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Coronavirus / Temporary Covid testing unit to open in Lerwick

The Gilbertson Park games hall. Photo © Stuart Taylor (cc-by-sa/2.0)

A TEMPORARY Covid-19 testing unit sent by the Scottish Government and staffed by the ambulance service is being set up at the Gilbertson Park in Lerwick in response to the current outbreak in Shetland.

The unit and staff will arrive in Shetland tomorrow (Friday), ready to start testing in the Gilbertson Park Games Hall at 10am before closing at 4pm.

The unit will then be open through the weekend, starting at 9am every day until Thursday next week, and it will be available for walk-in Covid testing.

Tests will be sent to the UK Government lab for processing. It is expected there will also be a web link for people to make appointments.

Operating times are:

  • Fri: 9am-4pm
  • Sat: 9am-5pm
  • Sun: 9am-5pm
  • Mon: 9am-3pm (early closure due to team swap over)
  • Tue: 9am-5pm
  • Wed: 9am-5pm
  • Thu: 9am-4pm

This is an extra service and the normal testing services are all still operating.

The testing facility is in response to the continued increase of Covid-19 cases in Shetland which started just before Christmas in the North Mainland, but which is now presenting in people across Shetland with no obvious route of infection.

Professor Shantini Paranjothy, a consultant in public health currently supporting NHS Shetland, said that as part of the health board’s response to the outbreak anyone who has mild symptoms including the chills, a dry or productive cough, sore throat, headache, runny nose, shortness of breath, general weakness, muscle pain, diarrhoea, or loss of taste/smell should be tested.

“We have been experiencing an increase in the number of people requesting tests recently so we have set up a walk-in testing site in Lerwick to make it easier for people to access testing,” she said.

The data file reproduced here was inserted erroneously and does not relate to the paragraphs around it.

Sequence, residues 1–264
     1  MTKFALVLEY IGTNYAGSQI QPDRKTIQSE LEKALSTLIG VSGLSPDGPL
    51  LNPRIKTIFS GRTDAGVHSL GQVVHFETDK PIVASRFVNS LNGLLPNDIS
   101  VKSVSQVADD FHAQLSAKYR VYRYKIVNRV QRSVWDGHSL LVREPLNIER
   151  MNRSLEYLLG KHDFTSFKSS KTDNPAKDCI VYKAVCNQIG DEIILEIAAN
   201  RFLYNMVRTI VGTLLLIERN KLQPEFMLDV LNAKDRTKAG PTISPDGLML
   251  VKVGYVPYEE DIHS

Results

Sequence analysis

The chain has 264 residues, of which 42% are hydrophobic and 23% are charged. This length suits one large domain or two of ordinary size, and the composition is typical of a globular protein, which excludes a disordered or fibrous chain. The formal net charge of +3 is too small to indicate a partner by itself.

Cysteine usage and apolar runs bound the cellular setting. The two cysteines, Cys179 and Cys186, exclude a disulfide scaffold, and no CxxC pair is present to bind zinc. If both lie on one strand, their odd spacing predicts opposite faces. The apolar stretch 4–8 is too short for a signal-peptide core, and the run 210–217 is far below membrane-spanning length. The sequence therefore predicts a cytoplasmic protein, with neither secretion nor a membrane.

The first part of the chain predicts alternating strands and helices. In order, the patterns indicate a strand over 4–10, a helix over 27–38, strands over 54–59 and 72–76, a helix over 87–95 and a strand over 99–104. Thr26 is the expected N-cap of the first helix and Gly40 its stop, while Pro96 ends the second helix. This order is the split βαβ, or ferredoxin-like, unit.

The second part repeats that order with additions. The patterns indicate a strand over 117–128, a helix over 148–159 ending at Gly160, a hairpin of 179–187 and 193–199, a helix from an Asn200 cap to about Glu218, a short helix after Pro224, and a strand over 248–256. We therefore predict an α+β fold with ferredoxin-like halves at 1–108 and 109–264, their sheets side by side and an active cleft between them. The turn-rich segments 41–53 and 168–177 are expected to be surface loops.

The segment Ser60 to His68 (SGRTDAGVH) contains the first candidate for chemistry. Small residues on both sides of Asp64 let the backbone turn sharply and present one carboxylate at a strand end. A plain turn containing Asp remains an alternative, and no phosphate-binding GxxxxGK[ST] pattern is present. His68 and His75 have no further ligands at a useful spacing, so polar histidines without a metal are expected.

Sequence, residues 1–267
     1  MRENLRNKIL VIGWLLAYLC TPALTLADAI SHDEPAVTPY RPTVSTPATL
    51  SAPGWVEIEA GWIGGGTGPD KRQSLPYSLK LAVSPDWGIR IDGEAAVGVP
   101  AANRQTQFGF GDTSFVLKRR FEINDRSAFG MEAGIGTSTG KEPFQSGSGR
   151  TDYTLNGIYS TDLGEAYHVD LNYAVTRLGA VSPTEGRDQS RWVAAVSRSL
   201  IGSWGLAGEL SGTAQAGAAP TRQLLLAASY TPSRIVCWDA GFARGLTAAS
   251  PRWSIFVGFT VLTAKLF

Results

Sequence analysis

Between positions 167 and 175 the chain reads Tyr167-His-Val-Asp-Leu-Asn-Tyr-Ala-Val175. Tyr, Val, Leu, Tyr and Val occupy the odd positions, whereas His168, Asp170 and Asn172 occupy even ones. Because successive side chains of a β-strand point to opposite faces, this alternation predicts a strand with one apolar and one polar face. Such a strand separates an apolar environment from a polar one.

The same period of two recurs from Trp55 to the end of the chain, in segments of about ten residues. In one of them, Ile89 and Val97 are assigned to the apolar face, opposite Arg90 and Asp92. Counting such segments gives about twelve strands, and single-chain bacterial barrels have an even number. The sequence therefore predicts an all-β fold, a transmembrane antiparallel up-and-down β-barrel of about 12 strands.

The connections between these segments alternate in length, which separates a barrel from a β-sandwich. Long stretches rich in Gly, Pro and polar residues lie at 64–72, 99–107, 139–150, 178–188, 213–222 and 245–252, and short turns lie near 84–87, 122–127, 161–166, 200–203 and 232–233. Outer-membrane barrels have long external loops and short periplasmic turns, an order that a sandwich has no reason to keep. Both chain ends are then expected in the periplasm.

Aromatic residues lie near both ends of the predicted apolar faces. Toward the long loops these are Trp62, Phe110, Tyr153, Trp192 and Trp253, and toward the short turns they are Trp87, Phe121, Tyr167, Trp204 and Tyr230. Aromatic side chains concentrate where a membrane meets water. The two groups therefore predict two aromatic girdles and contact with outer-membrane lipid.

Professor Paranjothy said the temporary testing centre was a short-term increase in capacity.

“This is in addition to our usual routes for testing, to ensure that we have enough capacity to test everyone who needs a test and reduce spread in the community.”

Anyone who tests positive will be asked to isolate along with their household and close contacts for ten days, she said.

Anyone who has been asked to isolate as a contact should continue to do for the full duration of their isolation period even if they have a negative test.

This is because it can take time for the infection to develop after exposure and a negative test on one day does not exclude the possibility that you may become positive in following days.

Whilst testing helps to identify cases early and reduce transmission, it will still be important for everyone to continue to follow the guidance on hand hygiene, distancing, and reducing social contacts to reduce the risk of becoming infected.

NHS Shetland said it would like to thank Shetland Islands Council for making the Gilbertson Park games hall available for this purpose at short notice.